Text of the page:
Waste will kill ipv6 too

Mark Andrews marka at isc.org
Fri Dec 29 04:36:51 CST 2017

> On 29 Dec 2017, at 2:51 pm, valdis.kletnieks at vt.edu wrote:
> On Thu, 28 Dec 2017 20:26:46 -0700, Brock Tice said:
>> I will again say I am indeed no expert, I am happy to get feedback. Is
>> there some kind of allocation scheme where a residential user or even a
>> small or medium business will have any chance of using 4096 /64s?
> They won't burn 4096 consecutive addresses.  They'll do what you said - your
> gear supplies their head-end router a /52.  That then starts handing out a
> half-dozen or so /64s for hardware interfaces, and hands a DHCP-PD /56 to the
> expansion router at the other end of the house, which then hands out a
> half-dozen /64s for subnets at that end, and *it* then hands a /60 PD to the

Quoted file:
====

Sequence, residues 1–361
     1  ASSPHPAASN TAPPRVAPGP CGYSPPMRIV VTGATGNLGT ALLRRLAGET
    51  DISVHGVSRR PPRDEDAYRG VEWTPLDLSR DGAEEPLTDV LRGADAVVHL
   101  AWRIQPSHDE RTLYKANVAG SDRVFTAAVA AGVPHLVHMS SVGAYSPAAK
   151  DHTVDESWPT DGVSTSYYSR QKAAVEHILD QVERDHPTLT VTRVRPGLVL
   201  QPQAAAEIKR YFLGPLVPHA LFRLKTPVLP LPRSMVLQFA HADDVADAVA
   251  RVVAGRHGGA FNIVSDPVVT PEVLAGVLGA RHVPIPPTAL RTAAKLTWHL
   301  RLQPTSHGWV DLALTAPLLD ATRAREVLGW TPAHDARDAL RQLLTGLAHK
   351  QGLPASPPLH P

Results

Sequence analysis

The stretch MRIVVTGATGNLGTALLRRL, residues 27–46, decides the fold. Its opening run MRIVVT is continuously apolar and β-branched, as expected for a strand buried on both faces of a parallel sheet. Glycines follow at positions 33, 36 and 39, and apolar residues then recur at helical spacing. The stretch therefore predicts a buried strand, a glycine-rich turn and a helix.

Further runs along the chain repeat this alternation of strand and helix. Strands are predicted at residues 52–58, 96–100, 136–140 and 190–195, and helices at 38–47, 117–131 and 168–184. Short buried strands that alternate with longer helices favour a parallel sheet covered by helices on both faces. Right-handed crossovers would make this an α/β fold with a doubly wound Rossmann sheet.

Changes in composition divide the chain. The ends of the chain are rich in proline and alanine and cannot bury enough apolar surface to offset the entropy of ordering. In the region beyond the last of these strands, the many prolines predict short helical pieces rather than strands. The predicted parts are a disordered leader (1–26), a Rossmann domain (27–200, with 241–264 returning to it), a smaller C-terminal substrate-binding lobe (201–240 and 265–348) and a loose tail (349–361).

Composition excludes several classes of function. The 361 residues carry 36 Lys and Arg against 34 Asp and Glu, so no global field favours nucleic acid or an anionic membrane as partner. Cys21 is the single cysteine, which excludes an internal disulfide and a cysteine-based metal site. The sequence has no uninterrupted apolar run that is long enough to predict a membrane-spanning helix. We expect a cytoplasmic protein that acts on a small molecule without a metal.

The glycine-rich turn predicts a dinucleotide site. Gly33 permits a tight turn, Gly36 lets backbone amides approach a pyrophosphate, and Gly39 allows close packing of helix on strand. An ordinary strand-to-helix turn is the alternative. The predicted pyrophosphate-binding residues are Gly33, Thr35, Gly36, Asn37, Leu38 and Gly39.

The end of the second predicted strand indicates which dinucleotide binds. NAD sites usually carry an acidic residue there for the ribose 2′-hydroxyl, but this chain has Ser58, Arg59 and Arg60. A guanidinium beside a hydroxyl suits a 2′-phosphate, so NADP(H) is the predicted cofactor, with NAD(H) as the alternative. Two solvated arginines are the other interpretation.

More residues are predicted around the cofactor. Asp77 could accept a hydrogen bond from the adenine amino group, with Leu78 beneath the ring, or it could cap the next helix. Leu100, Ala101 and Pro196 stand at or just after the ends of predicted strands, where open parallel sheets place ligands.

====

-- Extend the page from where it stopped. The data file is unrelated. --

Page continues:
> garage and barn routers, so they can each set up a half-dozen /64s.

PD is designed so that a device (router) can request multiple PD requests upstream. The interior router just needs to make a upstream request on behalf of the downstream device and any prefixes it will be allocating itself.  There is zero need to maintain a pool of prefixes to answer prefix requests.   If you get back a bigger (e.g. /48 sized response) you just use those until they have all been handed out.

> So yeah, they need a /52, even though we've only burned through 2 or 3 dozen
> /64s.  But this is the way it's *supposed* to work - note that careful choice of
> subnet numbers for the PD and local subnets means that even if other stuff
> shows up and starts asking for a PD, there will be plenty left for them to use.

Mark Andrews, ISC
1 Seymour St., Dundas Valley, NSW 2117, Australia
PHONE: +61 2 9871 4742              INTERNET: marka at isc.org

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